Monday, November 15, 2010

Mrs. Brown: From the Incomparable Ms. Dench

In continuing my theme of strong women roles (started last Friday), I've decided today to write about truly a magnificent film that many people (in America at least) probably haven't seen.  It stars one of my idols and is something not to miss.  Today I introduce to you "Mrs. Brown."

You might remember me mentioning something of this film previously, when I was raving about Dame Judi Dench.  Sometimes referred to as "Her Majesty, Mrs. Brown" and released in 1997, it tells the story of England's Queen Victoria (Dench) the years after the death of her husband Prince Albert, where she made an odd friendship with a rough, Scottish servant named John Brown (played by Billy Connolly).  Dench won the BAFTA for Best Actress, the Scottish BAFTA for Best Actress, and the Golden Globe for Best Actress in a Drama for her beautiful, heart-wrenching performance as Queen Victoria, but, sadly, was robbed of the Oscar (her first ever Oscar nomination), which was awarded to Helen Hunt instead for "As Good as it Gets."  However, the very next year she won an Oscar for Best Supporting Actress for her 8-minute performance as England's other great monarch Queen Elizabeth I in "Shakespeare in Love" (which many feel was to make up for her loss the year before).

"Mrs. Brown" is actually based on a true story.  After Prince Albert died, the Queen was so heartbroken she went into mourning for the rest of her life.  (She had also lost her mother the same year as Albert, so it was a double blow.)  Three years after his death, while secluded away from London, she sent for Brown, a servant of whom her husband had often spoken, from Balmoral Castle in Scotland.  It had the desired effect of getting her outside more, out of her mourning some, but they soon became close friends, and he her trusted confidant and right hand.  This, of course, concerned and angered the royal family and the rest of the political world.  Rumors started flying that they were lovers, and that they had secretly married, thus the crude "Mrs. Brown" moniker was given to the queen behind her back.  However, no one has ever been able to prove how deep their relationship truly was.

This film is what really gave Judi a film career though.  Before this film, she was mainly a stage actress, considered one of the best in British theater.  She had a few film roles under her belt, like Kenneth Branagh's "Henry V" (1989), "84 Charing Cross Road" (1987) or "Jack & Sarah" (1995).  She also had a couple of hit television shows in the UK - "A Fine Romance" (1981-1984) with her late husband Michael Williams and "As Time Goes By" (1992-2002) with fellow "Mrs. Brown" costar Geoffrey Palmer.  Yet, she thanked Harvey Weinstein, head of Miramax at the time, for catapulting her film career in her own special telling him she had his name tattooed on her bum.  (She really didn't, but she had a makeup friend of hers do up a fake tattoo to show him.  He got a big kick out of it.)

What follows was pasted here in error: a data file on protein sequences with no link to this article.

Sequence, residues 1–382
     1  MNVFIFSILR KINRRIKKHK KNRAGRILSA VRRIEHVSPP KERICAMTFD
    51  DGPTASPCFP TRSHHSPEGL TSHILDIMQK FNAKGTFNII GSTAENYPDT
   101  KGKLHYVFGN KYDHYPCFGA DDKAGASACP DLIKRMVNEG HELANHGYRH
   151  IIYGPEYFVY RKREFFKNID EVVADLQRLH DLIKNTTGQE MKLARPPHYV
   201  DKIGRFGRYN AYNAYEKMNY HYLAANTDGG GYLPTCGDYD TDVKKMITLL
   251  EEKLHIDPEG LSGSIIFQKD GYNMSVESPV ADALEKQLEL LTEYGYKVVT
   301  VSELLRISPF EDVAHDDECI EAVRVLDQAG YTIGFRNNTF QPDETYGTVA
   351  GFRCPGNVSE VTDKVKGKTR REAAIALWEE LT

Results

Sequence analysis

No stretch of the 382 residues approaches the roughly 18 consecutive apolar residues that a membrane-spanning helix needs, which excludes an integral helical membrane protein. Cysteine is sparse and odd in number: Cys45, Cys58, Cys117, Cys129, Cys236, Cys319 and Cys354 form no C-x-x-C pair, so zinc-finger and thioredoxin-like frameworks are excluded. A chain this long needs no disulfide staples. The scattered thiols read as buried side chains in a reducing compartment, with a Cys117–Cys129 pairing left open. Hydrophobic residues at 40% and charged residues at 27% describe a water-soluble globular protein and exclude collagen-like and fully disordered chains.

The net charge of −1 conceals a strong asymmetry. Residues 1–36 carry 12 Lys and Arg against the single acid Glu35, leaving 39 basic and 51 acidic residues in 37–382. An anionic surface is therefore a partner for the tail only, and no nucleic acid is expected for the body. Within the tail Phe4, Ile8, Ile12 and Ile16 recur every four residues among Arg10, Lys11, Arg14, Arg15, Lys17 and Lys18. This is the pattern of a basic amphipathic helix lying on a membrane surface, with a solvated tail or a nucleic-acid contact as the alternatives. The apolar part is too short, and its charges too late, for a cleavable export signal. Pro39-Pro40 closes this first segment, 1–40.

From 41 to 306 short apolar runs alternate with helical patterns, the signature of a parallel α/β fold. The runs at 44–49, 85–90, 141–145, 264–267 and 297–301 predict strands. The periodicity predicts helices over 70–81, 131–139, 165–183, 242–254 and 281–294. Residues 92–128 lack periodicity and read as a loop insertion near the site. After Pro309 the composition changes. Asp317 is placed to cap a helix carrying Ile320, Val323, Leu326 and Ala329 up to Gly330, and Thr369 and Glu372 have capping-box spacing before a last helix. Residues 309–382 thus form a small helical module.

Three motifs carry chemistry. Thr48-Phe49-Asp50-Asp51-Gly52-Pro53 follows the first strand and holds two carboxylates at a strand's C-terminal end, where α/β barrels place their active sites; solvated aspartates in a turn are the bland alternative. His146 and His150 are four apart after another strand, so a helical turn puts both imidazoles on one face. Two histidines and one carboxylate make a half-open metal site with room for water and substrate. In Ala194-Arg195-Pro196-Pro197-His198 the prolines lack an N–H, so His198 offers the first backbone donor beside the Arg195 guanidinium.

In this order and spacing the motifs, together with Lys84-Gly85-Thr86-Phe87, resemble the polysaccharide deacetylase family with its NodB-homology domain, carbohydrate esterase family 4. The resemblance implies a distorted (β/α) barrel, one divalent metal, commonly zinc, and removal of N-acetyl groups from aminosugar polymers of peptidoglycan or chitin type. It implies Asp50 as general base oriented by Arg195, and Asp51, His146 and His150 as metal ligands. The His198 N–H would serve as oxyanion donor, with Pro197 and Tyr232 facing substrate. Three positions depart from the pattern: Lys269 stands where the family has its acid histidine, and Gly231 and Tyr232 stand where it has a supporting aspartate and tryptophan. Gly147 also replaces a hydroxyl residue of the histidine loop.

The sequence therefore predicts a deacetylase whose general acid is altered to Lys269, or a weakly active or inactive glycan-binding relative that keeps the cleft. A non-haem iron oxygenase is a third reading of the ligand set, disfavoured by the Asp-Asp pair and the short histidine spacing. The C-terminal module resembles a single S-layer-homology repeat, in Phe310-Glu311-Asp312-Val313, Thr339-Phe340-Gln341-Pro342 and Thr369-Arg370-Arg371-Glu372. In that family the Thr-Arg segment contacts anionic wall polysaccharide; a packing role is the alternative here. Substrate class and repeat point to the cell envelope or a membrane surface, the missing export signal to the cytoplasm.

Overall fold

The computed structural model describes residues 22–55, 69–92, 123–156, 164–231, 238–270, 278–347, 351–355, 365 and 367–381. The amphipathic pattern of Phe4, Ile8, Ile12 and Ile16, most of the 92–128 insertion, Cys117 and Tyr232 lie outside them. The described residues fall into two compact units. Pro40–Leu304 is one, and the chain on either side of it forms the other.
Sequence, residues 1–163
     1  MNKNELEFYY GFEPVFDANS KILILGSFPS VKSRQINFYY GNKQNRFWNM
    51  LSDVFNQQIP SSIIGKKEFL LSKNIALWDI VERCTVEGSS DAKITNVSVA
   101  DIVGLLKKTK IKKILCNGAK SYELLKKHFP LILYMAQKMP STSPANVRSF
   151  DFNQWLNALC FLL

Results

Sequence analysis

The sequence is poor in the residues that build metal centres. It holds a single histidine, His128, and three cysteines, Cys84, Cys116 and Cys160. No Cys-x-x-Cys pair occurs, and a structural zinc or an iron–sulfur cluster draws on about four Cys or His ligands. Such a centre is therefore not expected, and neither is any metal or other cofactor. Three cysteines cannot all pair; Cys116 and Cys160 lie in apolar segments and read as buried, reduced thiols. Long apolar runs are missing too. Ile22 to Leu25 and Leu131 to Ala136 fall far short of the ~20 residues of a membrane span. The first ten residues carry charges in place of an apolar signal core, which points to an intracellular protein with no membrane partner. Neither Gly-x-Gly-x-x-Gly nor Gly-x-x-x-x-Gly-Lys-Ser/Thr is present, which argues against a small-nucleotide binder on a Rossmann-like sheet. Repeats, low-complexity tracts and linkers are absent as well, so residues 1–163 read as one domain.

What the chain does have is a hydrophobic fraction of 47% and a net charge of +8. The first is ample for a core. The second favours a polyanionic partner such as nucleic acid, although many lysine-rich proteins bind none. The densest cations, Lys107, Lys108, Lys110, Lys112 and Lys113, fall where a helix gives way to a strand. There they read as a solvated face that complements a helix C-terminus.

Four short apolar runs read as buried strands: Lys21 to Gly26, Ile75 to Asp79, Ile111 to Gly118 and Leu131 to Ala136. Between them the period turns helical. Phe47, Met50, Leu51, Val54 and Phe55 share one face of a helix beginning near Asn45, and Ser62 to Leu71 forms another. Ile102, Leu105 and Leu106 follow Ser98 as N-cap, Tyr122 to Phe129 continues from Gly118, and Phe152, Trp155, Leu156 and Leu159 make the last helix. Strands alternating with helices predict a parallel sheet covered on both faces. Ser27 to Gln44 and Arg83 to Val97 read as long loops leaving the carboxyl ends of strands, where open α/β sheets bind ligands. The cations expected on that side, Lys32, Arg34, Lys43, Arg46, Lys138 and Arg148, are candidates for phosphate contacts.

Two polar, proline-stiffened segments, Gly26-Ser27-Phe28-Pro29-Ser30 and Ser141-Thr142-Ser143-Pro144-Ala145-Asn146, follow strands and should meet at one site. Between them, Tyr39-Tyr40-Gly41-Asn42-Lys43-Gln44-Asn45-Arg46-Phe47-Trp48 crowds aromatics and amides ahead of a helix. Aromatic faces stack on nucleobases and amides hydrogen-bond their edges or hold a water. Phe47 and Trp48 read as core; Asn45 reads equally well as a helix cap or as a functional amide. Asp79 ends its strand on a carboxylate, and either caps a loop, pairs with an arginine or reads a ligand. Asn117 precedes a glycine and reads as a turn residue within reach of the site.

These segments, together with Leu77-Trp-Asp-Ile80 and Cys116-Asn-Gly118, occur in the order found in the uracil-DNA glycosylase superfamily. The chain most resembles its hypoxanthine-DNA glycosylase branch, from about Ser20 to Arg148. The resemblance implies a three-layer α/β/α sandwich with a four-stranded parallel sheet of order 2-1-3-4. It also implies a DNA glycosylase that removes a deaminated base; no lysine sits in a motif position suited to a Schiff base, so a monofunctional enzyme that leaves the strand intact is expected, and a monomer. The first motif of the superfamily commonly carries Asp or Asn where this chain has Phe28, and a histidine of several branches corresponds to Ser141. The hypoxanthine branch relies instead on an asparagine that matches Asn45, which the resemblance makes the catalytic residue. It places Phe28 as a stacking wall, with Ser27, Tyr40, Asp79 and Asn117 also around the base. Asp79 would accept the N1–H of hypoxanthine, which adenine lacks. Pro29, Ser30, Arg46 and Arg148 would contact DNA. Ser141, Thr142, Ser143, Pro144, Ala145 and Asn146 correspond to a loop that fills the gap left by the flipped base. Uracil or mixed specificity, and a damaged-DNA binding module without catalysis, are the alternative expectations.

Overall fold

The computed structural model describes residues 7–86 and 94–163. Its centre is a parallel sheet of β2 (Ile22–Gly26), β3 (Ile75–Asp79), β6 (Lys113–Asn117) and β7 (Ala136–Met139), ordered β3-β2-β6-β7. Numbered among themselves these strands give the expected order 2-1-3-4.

Originally, this was intended for television by the BBC.  But once Miramax saw the strong production values and the superb acting by all involved, they decided to distribute it theatrically.  Filmed over just five weeks on location in Scotland, there were struggles with weather and such (there were quiet a number of horse issues), but everyone, especially Ms. Dench, was extremely professional and good-humored about getting the project done.  And when it became such a success theatrically, everyone was shocked and proud beyond belief.

Now, as I mentioned, this was Dame Judi's first Oscar nomination after being in the business for forty years.  She has since received five more nominations (winning the one).  Not only with the fact that her first was gained at the age of 63, there has never been any other person, male or female, to receive that many Oscar nominations over the age of 60, period.  Even actors like Katharine Hepburn, Spencer Tracy, and Paul Newman didn't even come close, with three each after turning 60.  It just goes to show you that you never know when the good things will come in life, something I try to remind myself everyday.  All in all, though, Judi has won 10 BAFTAs, 7 Laurence Olivier Awards, 2 SAG Awards, 2 Golden Globes, 1 Academy Award, and 1 Tony.

So this week, rent "Mrs. Brown" and watch one of the best acting talents to ever grace the screen with Dame Judi Dench.  It was out of print for awhile, but it's finally back on DVD.  Or, if you can wait that long, it will air on TCM Jan. 8 at 1:30am EST (Jan. 7 at 10:30pm PST).  Have a wonderful week, everyone!!

(Post-tidbit:  "Mrs. Brown" is Gerald Butler's film debut.  During a break in filming, he took his mother on a picnic, and while there, heard someone calling for help.  A young boy swimming in a river nearby was drowning, so Butler jumped in and saved him.  He received a Certificate of Bravery from the Royal Humane Society for the act.)

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